Introduction: The surveillance of mosquito vectors is important for the control of arboviruses diseases worldwide. Detailed information on the bionomics and distribution of their main vectors, Aedes aegypti and Aedes albopictus, is essential for assessing disease transmission risk and for better planning of control interventions. Methods: Entomological surveys were carried out from November 2019 to November 2020 in six localities of Yaoundé city following a transect from urban to rural settings: two urban (Obili, Mvan), two peri-urban (Simbock, Ahala) and two rural areas (Lendom, Elig-essomballa)—during rainy and dry seasons. All water containers were inspected. Aedes mosquito abundance, species distribution and seasonal distribution patterns were compared using generalized linear models. Stegomyia indexes were estimated to determine the risk of arbovirus transmission. Results: A total of 6332 mosquitoes larvae were collected (2342 in urban areas, 1694 in peri-urban areas and 2296 in rural sites). Aedes species recorded included Ae. albopictus, Ae. aegytpi, Ae. simpsoni and Aedes spp. High mosquito abundance was registered in the rainy season (4706) compared to the dry season (1626) (p < 0.0001). Ae. albopictus was the most abundant Aedes species in urban (96.89%) and peri-urban (95.09%) sites whereas Ae. aegypti was more prevalent in rural sites (68.56%) (p < 0.0001). Both species were found together in 71 larval habitats. Ae. albopictus was mostly found in discarded tires (42.51%), whereas Ae. aegypti was more prevalent in plastic containers used for storing water (65.87%). The majority of Aedes mosquitoes’ breeding places were situated close to human dwellings (0–10 m). Conclusion: Uncontrolled urbanization seems to greatly favour the presence of Aedes mosquito species around human dwellings in Yaoundé. Controlling Aedes mosquito distribution is becoming urgent to reduce the risk of arbovirus outbreaks in the city of Yaoundé. View Full-Text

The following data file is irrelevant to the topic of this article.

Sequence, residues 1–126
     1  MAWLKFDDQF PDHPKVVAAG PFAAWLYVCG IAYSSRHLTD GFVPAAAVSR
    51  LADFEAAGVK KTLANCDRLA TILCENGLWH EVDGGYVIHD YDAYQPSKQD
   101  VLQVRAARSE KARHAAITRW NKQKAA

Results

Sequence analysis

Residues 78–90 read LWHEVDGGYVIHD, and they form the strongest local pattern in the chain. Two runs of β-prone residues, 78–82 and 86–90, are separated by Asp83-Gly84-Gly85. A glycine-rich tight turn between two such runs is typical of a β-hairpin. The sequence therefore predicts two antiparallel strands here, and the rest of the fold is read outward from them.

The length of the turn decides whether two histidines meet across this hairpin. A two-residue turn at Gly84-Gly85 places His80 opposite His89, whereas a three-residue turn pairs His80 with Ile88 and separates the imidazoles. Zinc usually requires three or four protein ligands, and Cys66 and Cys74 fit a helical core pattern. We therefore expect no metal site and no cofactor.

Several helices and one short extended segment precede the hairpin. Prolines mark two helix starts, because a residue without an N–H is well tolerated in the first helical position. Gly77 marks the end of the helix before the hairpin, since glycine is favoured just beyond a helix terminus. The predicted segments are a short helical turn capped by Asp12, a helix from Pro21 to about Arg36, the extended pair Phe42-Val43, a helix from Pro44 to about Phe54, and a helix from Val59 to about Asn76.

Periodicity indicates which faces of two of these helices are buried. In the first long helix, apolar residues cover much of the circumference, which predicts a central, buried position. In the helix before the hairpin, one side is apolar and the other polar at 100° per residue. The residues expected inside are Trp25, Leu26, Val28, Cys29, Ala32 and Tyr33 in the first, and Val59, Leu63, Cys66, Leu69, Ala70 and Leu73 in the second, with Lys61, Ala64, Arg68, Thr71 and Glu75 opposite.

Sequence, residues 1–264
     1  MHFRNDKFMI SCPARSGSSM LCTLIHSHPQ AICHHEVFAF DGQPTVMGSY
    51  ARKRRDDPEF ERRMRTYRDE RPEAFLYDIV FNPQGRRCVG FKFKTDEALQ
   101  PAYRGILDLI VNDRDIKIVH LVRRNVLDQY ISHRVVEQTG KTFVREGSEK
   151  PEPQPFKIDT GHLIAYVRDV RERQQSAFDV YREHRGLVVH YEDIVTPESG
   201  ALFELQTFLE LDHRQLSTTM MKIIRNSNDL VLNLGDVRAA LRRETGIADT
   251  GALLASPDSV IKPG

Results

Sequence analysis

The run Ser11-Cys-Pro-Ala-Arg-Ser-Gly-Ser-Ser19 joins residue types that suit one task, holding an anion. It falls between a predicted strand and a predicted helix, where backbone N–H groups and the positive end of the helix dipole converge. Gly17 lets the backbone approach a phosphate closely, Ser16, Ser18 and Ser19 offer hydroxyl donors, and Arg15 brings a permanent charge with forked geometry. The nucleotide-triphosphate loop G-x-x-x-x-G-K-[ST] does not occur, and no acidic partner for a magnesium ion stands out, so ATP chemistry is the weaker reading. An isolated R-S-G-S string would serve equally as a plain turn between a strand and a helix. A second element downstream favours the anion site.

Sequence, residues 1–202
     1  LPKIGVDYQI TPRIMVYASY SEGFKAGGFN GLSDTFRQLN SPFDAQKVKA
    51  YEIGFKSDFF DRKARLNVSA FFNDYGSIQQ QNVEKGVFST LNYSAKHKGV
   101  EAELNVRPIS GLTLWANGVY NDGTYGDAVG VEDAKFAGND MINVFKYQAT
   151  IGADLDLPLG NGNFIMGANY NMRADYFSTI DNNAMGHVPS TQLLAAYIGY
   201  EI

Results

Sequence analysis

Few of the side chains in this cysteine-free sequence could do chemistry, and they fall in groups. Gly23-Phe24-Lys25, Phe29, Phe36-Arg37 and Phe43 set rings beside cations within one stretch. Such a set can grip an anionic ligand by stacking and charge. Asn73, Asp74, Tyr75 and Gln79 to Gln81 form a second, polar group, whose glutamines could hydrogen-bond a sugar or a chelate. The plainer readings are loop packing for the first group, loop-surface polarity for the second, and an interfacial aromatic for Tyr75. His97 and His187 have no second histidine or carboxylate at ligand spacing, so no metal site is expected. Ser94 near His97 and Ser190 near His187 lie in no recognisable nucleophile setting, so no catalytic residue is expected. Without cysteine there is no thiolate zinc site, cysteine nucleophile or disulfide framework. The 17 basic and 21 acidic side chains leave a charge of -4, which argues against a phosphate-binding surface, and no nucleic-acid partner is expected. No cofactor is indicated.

Keywords: Aedes albopictus; Aedes aegypti; rural; peri-urban; urban; breeding site; Yaoundé; Cameroon Aedes albopictus; Aedes aegypti; rural; peri-urban; urban; breeding site; Yaoundé; Cameroon
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MDPI and ACS Style

Djiappi-Tchamen, B.; Nana-Ndjangwo, M.S.; Tchuinkam, T.; Makoudjou, I.; Nchoutpouen, E.; Kopya, E.; Talipouo, A.; Bamou, R.; Mayi, M.P.A.; Awono-Ambene, P.; Wondji, C.; Antonio-Nkondjio, C. Aedes Mosquito Distribution along a Transect from Rural to Urban Settings in Yaoundé, Cameroon. Insects 2021, 12, 819. https://doi.org/10.3390/insects12090819

AMA Style

Djiappi-Tchamen B, Nana-Ndjangwo MS, Tchuinkam T, Makoudjou I, Nchoutpouen E, Kopya E, Talipouo A, Bamou R, Mayi MPA, Awono-Ambene P, Wondji C, Antonio-Nkondjio C. Aedes Mosquito Distribution along a Transect from Rural to Urban Settings in Yaoundé, Cameroon. Insects. 2021; 12(9):819. https://doi.org/10.3390/insects12090819

Chicago/Turabian Style

Djiappi-Tchamen, Borel, Mariette S. Nana-Ndjangwo, Timoléon Tchuinkam, Idene Makoudjou, Elysée Nchoutpouen, Edmond Kopya, Abdou Talipouo, Roland Bamou, Marie P.A. Mayi, Parfait Awono-Ambene, Charles Wondji, and Christophe Antonio-Nkondjio. 2021. "Aedes Mosquito Distribution along a Transect from Rural to Urban Settings in Yaoundé, Cameroon" Insects 12, no. 9: 819. https://doi.org/10.3390/insects12090819